Also, it’s shouldn’t be hard to believe they lost 8 of their last 9, but it is.
Agreed. If the White Sox operated with the precision and excellence of Sox Machine, they would have meaningful games to play in October.
Yes, you guys are the best. You made this season bearable. Looking forward to the offseason!!
Ditto what everyone is saying. This is my favorite White Sox content blog. If I ever join The Athletic, it will be to read Jim’s analysis (and James)…two of the best White Sox sports writers out there.
50 cent hotdog Wednesdays for next year?
Worth a shot. My kids like his music. I applaud his philanthropic work.
I remember 1970 well. Roland Hemond and Chuck Tanner had taken over in September and they teamed to turn the team around. They cane from a record of success with the Angels organization. The team rebounded smartly in 1971 and were competitors in 1972. The historical performance of the current leadership of the team offers no similar hope.
There eventually has to be some accountability. A coaching staff’s main job is to get the players to play to their abilities. There has been no improvement anywhere on this team. They can’t hit and they can’t field.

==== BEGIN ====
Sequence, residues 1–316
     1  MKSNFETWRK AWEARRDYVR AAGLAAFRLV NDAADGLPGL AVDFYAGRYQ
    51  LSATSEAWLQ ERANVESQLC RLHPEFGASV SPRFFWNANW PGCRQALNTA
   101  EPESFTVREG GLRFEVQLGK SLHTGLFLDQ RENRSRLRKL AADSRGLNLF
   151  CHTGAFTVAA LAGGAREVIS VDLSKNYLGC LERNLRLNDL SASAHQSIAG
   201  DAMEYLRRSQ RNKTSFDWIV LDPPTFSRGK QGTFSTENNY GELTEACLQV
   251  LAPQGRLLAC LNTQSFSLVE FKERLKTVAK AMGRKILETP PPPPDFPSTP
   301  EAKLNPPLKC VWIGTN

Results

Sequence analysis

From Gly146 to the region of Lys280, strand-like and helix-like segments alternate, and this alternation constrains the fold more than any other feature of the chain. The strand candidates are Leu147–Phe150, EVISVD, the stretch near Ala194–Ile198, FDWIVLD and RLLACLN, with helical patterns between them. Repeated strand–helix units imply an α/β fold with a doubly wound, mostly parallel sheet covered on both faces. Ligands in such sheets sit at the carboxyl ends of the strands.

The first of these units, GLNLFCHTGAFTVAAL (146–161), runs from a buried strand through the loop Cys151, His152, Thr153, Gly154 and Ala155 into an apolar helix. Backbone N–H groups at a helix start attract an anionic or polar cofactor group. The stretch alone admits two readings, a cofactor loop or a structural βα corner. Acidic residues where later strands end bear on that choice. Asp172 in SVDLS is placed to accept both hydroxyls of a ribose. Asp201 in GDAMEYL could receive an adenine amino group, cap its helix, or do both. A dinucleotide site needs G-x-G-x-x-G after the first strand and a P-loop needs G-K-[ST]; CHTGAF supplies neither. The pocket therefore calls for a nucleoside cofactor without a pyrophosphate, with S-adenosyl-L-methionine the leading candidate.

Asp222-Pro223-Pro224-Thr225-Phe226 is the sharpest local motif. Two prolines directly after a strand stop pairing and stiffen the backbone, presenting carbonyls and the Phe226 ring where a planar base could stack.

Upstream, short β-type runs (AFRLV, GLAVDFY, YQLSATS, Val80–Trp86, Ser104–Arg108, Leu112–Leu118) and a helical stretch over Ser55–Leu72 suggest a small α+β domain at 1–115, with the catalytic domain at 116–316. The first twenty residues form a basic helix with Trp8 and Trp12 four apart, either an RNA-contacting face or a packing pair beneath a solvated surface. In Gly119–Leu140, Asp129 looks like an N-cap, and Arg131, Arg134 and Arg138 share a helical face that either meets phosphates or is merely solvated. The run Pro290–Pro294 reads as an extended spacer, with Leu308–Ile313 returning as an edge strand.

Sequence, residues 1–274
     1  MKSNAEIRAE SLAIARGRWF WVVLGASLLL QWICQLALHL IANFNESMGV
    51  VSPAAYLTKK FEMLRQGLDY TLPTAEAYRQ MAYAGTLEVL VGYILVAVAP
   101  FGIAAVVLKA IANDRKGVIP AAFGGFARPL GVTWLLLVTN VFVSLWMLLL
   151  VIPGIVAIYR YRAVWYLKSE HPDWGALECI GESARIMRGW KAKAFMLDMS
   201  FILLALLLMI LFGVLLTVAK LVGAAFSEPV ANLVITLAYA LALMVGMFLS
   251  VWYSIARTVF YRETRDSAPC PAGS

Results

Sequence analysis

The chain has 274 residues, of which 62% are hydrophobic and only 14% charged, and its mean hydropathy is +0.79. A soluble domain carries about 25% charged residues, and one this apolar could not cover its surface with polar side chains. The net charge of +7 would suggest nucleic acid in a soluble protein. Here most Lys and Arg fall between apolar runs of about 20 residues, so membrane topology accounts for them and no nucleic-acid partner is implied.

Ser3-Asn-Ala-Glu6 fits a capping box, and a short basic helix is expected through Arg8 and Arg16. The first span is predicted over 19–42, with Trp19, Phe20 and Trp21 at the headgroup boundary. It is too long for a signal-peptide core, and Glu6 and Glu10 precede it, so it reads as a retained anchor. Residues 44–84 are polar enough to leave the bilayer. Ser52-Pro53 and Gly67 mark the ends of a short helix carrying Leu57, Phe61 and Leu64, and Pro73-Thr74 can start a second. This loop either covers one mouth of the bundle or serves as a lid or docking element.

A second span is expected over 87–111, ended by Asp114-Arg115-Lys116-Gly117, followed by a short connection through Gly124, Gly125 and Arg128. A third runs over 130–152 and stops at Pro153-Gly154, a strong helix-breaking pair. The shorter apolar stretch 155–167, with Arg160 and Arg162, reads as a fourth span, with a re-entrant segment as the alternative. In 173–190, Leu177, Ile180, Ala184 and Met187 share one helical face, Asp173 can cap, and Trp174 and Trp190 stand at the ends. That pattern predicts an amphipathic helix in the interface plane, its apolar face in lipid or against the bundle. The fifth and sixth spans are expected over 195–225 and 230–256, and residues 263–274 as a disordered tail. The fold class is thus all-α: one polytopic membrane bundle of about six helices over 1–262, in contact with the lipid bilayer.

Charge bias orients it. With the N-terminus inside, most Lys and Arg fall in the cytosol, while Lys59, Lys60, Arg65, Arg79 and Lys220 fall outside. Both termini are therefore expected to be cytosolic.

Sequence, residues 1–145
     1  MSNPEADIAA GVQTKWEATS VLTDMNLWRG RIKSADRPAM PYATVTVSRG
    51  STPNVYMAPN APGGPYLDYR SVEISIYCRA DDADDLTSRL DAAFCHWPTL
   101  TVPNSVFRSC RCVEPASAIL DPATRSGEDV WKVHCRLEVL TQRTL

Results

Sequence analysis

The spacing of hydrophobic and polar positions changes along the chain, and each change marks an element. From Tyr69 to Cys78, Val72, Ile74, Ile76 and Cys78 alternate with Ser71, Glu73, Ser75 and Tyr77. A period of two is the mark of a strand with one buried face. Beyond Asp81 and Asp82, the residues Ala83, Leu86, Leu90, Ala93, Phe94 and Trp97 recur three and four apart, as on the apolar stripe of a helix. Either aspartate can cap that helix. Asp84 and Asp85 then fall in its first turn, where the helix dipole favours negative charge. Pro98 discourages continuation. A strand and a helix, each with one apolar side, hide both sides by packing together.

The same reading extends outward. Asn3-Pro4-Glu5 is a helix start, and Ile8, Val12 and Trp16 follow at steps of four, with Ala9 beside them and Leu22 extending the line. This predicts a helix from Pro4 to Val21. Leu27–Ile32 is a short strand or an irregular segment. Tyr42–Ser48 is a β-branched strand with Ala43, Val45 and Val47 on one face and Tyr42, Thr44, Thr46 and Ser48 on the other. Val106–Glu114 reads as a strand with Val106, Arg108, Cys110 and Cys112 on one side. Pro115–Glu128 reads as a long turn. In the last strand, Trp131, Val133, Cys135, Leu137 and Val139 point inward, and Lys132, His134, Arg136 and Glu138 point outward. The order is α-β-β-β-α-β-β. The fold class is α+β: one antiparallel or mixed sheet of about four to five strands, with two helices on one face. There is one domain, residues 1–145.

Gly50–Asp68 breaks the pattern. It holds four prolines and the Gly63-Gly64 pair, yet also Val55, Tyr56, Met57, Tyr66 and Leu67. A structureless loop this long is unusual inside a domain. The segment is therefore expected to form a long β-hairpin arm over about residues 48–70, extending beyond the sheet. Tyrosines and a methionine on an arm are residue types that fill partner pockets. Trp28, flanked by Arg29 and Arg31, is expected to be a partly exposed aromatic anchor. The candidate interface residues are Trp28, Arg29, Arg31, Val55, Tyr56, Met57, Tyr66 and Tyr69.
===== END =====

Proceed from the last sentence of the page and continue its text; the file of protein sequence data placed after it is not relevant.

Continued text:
Clean house at the top, or sell the team.
Or keep collecting money from suckers.
I’ve been only rooting for the Sox for a few years, how do you lifelong fans do it? Is it hope? Alright, I hope next year is better
Well, I was a fan in 1970 and back then things looked much darker than they do today. With this team, I’m convinced there are better days ahead (just hope I live to see them).
I lived through 1970 and can still recall most of the really forgettable players from that year. I saw our first place team get shot down by the strike, lived through the white flag trade, and have seen so very much mediocrity, but not enough to become cute and popular like the red sox or the cubs. Hope has nothing to do with it. It’s love, in all it’s irrational glory, so that the more you suffer, the more dedicated you become.
I vaguely remember 1970 also. I think they drew about 500,000 people for the year. But with Hemond and Tanner brought in, they turned things around quickly. Hahn and Ricky are a joke compared to those two. I have no faith in them turning this around. I was so excited after they made the trades in 2016-17. But it just doesn’t feel like they made any progress this year. I hope I’m wrong, but unless there are changes to the front office, I don’t know if they will ever be championship contenders with this leadership. It seems like mediocrity is a long way away after this depressing finish to the season.